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June 2006

THE BREAK UPReview

By Wilson Morales

THE BREAK UP Review

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Distributor: Universal Pictures
Director: Peyton Reed
Screenwriters: Jeremy Garelick, Jay Lavender
Starring: Vince Vaughn, Jennifer Aniston, Joey Lauren Adams, Ann-Margret, Judy Davis, Vincent D'Onofrio, Jon Favreau, Cole Hauser, John Michael Higgins, Justin Long


   

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Whenever you have a celebrity couple together in a movie, automatically the film is destined to fail. There’s too much hype riding on the picture in regards to the couple’s status that the story gets lost from jump. It may have worked for Brad Pitt and Angelina Jolie last year with “Mr.& Mrs. Smith”, but they were never “officially” together until after the film had played. That said, with Vince Vaughn and Jennifer Aniston having declared themselves a couple, their latest film, “The Break Up” has been talked about for weeks, but people forget that this is still a movie, and yet, the film is uneven because the chemistry doesn’t work on screen as much as it works off-screen. The on-screen couple spend so much time arguing and showing their differences, that one wonders how this pair got together in the first place.

In the beginning of the film, we see Garry Grobowski (Vaughn) and his pal (Favreau) at a Chicago baseball game when Gary notices Brooke Meyers (Aniston) at the game with someone else and immediately sets his sights on her. As the opening credits roll, we see images of the Gary and Brooke together at different functions displaying that they are now seeing each other and have moved in together in a fabulous condo. Within a matter of minutes “The Break Up” starts when Gary shows off his selfishness and won’t help Brooke out with simple house chores while she prepares dinner for family coming over. He rather sit back on the couch and watch a game or play video games. While Gary is self-employed with his brothers running a bus tour company, Brooke works as an art gallery manager and wants Gary to change his lifestyle a bit. She seems sophisticated compared to Gary’s slackish looks. When arguing about their differences, Gary accuses Brooke of being a nag so much that that Brooke decides she’s had enough. Since neither wants to leave the condo they share, the film becomes a “War of the Roses”, with the couple trying their best to annoy the other hoping one would concede and change. With each having declared their own space in the apartment, Gary lives in a pig-pen lifestyle while Brooke brings home new dates hoping Gary would see that she has moved on. With battle stations drawn, who will prevail in this bust up relationship?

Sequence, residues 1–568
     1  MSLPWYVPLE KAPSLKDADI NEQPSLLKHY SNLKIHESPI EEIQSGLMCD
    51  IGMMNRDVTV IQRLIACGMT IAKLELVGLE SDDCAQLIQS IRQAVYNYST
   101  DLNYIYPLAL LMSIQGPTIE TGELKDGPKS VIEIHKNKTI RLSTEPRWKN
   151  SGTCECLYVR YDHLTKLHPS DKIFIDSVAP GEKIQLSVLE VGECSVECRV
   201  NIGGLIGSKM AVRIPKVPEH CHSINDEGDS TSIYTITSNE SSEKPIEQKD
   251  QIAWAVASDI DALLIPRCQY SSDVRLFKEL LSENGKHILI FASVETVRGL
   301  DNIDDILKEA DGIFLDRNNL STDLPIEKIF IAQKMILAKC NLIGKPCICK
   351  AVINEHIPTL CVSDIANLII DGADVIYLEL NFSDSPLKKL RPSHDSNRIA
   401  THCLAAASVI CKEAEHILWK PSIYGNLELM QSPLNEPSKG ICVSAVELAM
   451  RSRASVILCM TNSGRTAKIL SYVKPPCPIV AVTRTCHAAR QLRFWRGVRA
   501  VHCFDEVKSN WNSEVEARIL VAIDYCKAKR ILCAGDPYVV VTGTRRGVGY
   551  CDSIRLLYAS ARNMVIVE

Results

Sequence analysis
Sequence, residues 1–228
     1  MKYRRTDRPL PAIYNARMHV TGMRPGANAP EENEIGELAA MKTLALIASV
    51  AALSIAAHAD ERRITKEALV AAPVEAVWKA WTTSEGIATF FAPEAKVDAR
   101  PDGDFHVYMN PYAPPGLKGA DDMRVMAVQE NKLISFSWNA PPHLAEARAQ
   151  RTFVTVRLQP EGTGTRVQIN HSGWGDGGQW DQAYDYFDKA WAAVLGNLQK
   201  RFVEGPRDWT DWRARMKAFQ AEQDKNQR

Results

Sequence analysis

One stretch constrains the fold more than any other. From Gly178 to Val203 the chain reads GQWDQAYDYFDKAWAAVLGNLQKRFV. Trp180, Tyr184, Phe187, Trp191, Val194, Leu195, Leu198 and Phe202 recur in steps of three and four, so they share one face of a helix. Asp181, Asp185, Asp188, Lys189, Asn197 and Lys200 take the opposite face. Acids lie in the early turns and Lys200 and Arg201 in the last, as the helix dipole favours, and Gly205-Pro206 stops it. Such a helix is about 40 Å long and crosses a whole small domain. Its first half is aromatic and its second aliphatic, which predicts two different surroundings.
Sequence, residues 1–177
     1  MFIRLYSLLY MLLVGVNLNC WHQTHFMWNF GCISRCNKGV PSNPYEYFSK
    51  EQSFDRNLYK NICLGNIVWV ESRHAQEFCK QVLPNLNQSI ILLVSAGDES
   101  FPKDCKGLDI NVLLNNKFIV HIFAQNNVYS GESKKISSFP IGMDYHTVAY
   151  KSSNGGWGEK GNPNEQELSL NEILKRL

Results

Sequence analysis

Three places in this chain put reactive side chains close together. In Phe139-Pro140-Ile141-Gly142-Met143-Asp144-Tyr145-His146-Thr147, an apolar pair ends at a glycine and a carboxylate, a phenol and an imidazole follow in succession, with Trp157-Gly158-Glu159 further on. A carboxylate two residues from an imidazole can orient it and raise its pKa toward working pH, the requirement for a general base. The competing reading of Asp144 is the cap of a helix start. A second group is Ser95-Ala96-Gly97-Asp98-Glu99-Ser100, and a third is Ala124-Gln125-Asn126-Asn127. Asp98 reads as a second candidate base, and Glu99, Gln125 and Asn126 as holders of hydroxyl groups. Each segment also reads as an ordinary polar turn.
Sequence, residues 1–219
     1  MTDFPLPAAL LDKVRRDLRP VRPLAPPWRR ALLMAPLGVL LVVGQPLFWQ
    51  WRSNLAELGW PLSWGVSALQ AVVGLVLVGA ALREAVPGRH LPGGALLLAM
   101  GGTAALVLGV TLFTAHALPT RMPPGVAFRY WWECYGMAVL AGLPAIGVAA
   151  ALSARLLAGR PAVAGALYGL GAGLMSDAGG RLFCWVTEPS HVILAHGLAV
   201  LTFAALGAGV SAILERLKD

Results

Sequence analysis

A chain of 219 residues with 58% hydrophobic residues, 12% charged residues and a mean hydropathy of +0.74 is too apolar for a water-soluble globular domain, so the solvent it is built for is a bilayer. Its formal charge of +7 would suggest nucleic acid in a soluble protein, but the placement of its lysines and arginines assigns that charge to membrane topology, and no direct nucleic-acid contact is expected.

Vince Vaughn developed this story with his friends and first time screenwriters Jeremy Garelick and Jay Lavender and to some degree, the film works. The middle portion of the film is what works best with this romantic comedy as the banter between Vaughn and Favreau hits strides of comic relief. The chemistry between these two goes back to the number of films they have made together (Swingers, Made). At the same time, the dialogue between Vaughn and Aniston do show some genuine moments of a couple splitting. Judy Davis is such a scene stealer as the boss that Brooke work for, she brings in the new zest when the film lags. The problem with this lies with the chemistry between the on-screen couple. The differences between Gary and Brooke are so vastly wide that you have to wonder what could have possess Brooke to get together with him in the first place. There’s a lot of the actors’ personalities that get in the way of the film. From Vaughn’s comedic past to Aniston’s recent marriage break up, the story doesn’t have enough air to breathe on its own. Although the title of the film implies what you will see, in the back of your mind, you always want to leave the theater rooting for the couple to get back together. That’s how films are. You can’t leave on a sad note. But when you see the film, you’d wish you had read the review first.